With “LP!” being the independence benchmark in Peggy’s career he remembers to save some punches for the music industry. On “HAZARD DUTY PAY!,” he criticizes the commercial exploitation of rap music. “Why does your black feel like business to me? Industry lies never line up on screen,” he raps. This sentiment is echoed in the outro of “TIRED, NERVOUS, AND BROKE!” where Peggy sings with Kimbra, “I don’t wanna be sold out baby, I don’t wanna be stressed out for profit.”

As a general critic of other rappers in this business, he takes a shockingly targeted approach to two specific songs. While “REBOUND!” for the most part is a general proclamation against his foes, in the final verse he fires off against fellow experimental hip-hop superlative Armand Hammer, making a pun on the duo’s name when he raps that they’re “named after the baking soda, but ain’t never touched no ******* coke in your city.”

The scuffle began with a dispute over a beat that Peggy made out to one half of the duo, Elucid. Elucid responded with a verse dissing the producer/rapper on the Armand Hammer track “Leopards,” referencing his military record and implying that he was forced to take down the Peggy-produced “Oblivion Reflex” from streaming services.

For Peggy’s response, the second song he fired back with, “THE GHOST OF RANKING DREAD!,” is a full-on diss track. Along with restating the noteworthy line from “REBOUND!,” he mocks their subject matter and the cover art for their 2021 album, rapping, “NOI flows with pork for an image.” He also takes specific aim at the other half of the duo Billy Woods, rapping, “You blur your face for the gram, I blur your face for forensics.”

As someone who admires all artists involved in this beef, these moments on “LP!” were somewhat uncomfortable, however, the conflict was patched up six days after the project’s release.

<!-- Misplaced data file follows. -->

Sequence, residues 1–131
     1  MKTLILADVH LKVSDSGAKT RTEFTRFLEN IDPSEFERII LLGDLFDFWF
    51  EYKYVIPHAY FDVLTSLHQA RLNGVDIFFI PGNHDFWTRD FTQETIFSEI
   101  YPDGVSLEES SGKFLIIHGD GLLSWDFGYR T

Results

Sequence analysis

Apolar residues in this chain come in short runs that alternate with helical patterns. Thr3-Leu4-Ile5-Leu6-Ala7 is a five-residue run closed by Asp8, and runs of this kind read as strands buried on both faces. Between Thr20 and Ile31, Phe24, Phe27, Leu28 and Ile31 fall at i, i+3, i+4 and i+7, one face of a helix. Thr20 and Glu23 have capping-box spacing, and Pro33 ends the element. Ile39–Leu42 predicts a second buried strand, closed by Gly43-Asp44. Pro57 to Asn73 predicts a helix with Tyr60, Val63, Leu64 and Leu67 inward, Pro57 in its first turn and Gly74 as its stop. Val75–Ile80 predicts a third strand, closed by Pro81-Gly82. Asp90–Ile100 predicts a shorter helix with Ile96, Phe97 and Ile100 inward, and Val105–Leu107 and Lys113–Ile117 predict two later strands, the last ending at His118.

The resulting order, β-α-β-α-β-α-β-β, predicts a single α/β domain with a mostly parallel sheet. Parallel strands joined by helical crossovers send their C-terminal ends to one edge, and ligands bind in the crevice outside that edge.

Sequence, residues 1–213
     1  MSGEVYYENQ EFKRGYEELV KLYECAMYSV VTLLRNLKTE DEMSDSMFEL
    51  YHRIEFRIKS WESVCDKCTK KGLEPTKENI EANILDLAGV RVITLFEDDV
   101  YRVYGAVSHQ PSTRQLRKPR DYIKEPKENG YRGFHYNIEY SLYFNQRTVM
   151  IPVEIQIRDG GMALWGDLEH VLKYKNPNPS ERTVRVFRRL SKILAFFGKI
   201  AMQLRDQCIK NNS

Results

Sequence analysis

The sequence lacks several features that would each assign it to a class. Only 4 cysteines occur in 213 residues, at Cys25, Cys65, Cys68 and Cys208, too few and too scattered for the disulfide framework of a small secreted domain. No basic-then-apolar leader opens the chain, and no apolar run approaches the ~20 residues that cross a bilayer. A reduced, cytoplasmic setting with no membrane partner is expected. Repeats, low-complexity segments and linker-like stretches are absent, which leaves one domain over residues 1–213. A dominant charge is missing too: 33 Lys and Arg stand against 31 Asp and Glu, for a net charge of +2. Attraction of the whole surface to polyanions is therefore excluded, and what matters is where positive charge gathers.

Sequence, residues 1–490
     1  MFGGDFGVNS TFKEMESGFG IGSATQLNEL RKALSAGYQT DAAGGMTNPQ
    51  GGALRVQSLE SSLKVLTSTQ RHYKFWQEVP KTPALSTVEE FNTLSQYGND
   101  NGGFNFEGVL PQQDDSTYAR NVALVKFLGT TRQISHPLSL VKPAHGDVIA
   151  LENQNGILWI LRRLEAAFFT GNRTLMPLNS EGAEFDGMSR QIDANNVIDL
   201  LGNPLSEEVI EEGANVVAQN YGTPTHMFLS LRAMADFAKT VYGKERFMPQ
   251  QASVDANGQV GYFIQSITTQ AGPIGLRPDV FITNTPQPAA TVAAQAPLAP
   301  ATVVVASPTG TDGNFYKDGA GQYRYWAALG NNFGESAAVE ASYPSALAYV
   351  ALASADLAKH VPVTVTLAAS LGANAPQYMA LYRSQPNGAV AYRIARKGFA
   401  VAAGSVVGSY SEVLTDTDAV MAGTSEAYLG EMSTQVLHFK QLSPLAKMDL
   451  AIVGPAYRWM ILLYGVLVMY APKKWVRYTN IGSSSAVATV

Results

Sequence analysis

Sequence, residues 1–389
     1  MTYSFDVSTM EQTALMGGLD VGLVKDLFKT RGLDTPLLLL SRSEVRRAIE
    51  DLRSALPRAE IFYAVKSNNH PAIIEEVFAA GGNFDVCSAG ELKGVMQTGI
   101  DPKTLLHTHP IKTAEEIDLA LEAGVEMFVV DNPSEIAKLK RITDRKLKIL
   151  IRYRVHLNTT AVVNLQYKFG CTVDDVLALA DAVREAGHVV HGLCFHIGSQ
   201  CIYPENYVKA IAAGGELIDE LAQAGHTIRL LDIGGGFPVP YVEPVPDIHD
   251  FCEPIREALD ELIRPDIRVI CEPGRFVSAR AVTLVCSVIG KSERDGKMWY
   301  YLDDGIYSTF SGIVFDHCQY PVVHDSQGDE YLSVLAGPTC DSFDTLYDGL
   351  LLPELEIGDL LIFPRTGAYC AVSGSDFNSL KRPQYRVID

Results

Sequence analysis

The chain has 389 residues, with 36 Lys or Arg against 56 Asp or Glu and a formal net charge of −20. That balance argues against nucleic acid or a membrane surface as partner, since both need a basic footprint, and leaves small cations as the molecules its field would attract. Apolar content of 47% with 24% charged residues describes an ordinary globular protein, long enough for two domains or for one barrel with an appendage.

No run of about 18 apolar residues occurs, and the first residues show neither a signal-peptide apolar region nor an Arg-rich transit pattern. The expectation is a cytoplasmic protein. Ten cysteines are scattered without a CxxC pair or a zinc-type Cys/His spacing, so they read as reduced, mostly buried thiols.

As illustrated on songs like “UNTITLED!,” Peggy’s lyrical bloodlust is always accompanied by scores of colorful and witty references to just about anything. Namedrops on the project range from rappers like Big Pun and Gucci Mane, to rock musicians like Jimmy Hendrix and Henry Rollins, to pro wrestlers like Darby Allen and Steve Austin, to NBA players like Dame Lillard and Allen Iverson, to politicians like Sarah Palin and Ben Carson (whom his first JPEGMAFIA LP was named after), and far beyond.

He doesn’t stop flexing his pop culture brain muscles with naming celebrities, references to video games like Carmen San Diego, internet memes like the Arthur Fist, and an unexpected biblical reference to Sodom and Gomorrah, securing Peggy’s nerdy musical identity. “R.I.P. DOOM, through the villain I’m raised,” he raps on “ARE YOU HAPPY?,” an accurate remark considering the late hip-hop legend’s love for deep-cut pop culture knowledge.

His love for pop culture also bleeds into a heavily used interpolation of the chorus from Britney Spears’ “Hit Me Baby One More Time” on “THOT’S PRAYER!,” which also appears to borrow the chord progression from “Thot Tactics” off AMHAC. These old elements are reinvented with an ethereal synth line and occasional guitar notes as Peggy raps with vulnerability. The last few rhymes of the verse highlight this, “don’t stop lyin’, I get stuck in the past / get to cryin’, then remember my path / get to rhymin’.”

Vulnerable moments such as these are sparse on the record, something that wasn’t as much the case on previous projects where he discussed issues such as his mental health and military history at greater volume.

“LP!” beats previous efforts though, in album structure and consistency. While it flows from track to track with ease just as prior records did, it doesn’t have the same issue of less than memorable interlude-esque songs that break the pace a bit. In fact, these tracks on “LP!” welcome inclusions.

“GOD DON’T LIKE UGLY!” jams tons of sharp references and shots at Peggy’s enemies into just over a minute, the military chant turned trap instrumental “NICE!” is a solid intro for the similar “BMT!,” and “💯” (or 100) uses snippets of the late Young Dolph’s “100 Shots” and a grimy, hypnagogic beat to create a worthy middle-of-album interlude.

Similar to previous efforts, Peggy keeps his features to a minimum, with just two on the record. DatPiffMafia provides a nice change of pace on “REBOUND!” with his clever wordplay, and hyperpop singer Tkay Maidza softly introduces “THE GHOST OF RANKING DREAD!” with her auto-tuned vocals, contrasting the song’s explosive and powerful outro.

For the most part, JPEGMAFIA does what he’s been doing for a while on “LP!”, and that’s just fine. His exciting rapping and lyrical style full of critical rhetoric are mainstays of his musical identity and deserve to be. He also does what he’s been doing in the production booth, which is to continuously innovate and push the boundaries of what hip-hop can accomplish. You know what? Peggy doing the same thing is more than just fine. It’s awesome.